Enchanting and enthralling, The Jewel is a perfect fit for fans of DeStephano’s Chemical Garden series. Ewing brings a fresh twist to the world of Young Adult fiction with elements of fantasy, scandal, love and glamorous politics. The Jewel holds a haunting story that will remain in the back of its readers’ minds for years, or at least until the sequel is published.

In the Jewel, the center of society reserved for the elite, royal bloodlines are preserved by chemical conception. Stripped of her identity and auctioned off as a surrogate to the Duchess of the Lake, Violet Lasting is destined to carry the child of a woman she despises. Increased exposure to the scandal and politics of the Jewel shows Violet that she’s simply a pawn in the Duchess’s scheme to secure the throne. But with her sanity threatening to evaporate completely, Violet finds salvation in another captive, who might also be her demise.

Whilst captivating and heartbreaking, Violet’s story also explores several important issues emerging in today’s society. A wonderful read.

This review was also posted on The Bluestocking Review.

(So I've done three reviews - with three more to come - for The Bluestocking Review now, and I just realised that I completely forgot to post them here! That's why they're all dated half a year ago... Totally moronic move, I know. But I have at least three more reviews on hold that I'll be posting in the next few weeks, so stay posted.)

'Trigger Warning' by Neil Gaiman

Date finished: 19 April 2015

Rating: 5/5

It cannot be disputed that Neil Gaiman is among the finest fantasy writers of this generation. His latest compilation of short stories is evidence enough of his skill in weaving wonderfully weird and disturbing fairy-tales for adults that will remain embedded in the back of his readers’ minds forever.

Trigger Warning is not for the lighthearted. Its strange and often wildly unnerving contents are intended to provoke feelings in the reader that trigger strong emotional responses. We are continuously confronted with stories that contain death, tears, pain and helplessness – even the occasional happy ending. We are invited to explore the deepest contents of our imaginations, awaken the monsters of the past and face them courageously.

The craft of writing short stories is not an easy one. To write short stories that leave such a lasting impact on readers, and then to succeed in selling them despite this, should be close to impossible. Trigger Warning exceeds all expectations, and provides an intriguing and terrifying glimpse into the mind of a fantasy genius. I highly recommend reading Gaiman’s works.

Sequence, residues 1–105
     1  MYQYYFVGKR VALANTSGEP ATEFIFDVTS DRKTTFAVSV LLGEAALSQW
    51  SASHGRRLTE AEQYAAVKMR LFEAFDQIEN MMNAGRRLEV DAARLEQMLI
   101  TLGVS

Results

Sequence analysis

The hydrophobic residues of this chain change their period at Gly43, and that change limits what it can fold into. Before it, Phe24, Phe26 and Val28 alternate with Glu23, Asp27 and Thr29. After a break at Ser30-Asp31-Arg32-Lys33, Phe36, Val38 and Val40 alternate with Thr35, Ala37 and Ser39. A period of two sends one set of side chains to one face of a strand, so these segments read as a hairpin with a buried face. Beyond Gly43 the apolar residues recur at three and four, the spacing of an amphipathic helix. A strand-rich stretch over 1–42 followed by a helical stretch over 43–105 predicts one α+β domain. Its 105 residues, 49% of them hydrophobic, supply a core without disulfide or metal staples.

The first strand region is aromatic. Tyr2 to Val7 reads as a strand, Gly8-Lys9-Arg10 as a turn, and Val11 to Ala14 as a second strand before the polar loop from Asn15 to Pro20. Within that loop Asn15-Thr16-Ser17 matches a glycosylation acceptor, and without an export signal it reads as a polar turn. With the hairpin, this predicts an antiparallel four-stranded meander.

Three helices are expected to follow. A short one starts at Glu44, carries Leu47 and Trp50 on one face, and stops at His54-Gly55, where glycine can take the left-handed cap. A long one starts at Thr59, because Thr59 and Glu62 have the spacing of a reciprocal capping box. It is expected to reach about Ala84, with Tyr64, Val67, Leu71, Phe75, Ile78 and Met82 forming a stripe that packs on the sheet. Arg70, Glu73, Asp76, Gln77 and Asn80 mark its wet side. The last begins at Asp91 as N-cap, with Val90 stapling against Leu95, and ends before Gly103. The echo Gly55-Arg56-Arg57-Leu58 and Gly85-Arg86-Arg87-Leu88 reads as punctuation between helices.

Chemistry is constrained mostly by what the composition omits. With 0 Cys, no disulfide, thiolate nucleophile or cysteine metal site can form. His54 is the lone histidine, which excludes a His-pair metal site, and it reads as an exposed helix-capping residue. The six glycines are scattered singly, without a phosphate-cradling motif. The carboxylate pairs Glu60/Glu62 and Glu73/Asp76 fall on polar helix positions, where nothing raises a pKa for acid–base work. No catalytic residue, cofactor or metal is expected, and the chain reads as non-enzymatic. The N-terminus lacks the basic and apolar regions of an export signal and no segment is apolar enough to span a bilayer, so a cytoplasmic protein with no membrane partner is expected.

This review was also posted on The Bluestocking Review.

'The Last Leaves Falling' by Sarah Benwell

Date finished: 19 April 2015

Rating: 1/5

The Last Leaves Falling is a striking novel that demands careful consideration of serious issues by its reader. Sora, a Japanese teenager with huge dreams, struggles to find friendship and courage in his struggle with ALS. Unfortunately, there are elements that did not sit well with me, and I constantly found myself questioning what exactly the author was trying to convey to her readers.

Although Benwell’s writing style and simplistic plot are far more suited to readers in their early teens, Sora’s opinions on death, suicide and his struggle against ALS are not entirely appropriate for younger readers. Overall, there is a dark underlying tone of helplessness and tragedy that, instead of challenging its readers, seems to advertise suicide as a courageous and noble death. Teenagers would be safer reading novels with darker content that present a more stable view on life, especially when suicide and self-harm are becoming increasingly prominent among adolescents.

This incompatibility of the storyline, teenage characters and main themes resulted in a confusing and overwhelming story that left me feeling ill at ease. This book is not worth the wasted time or emotional energy it demands.

This review was also posted on The Bluestocking Review.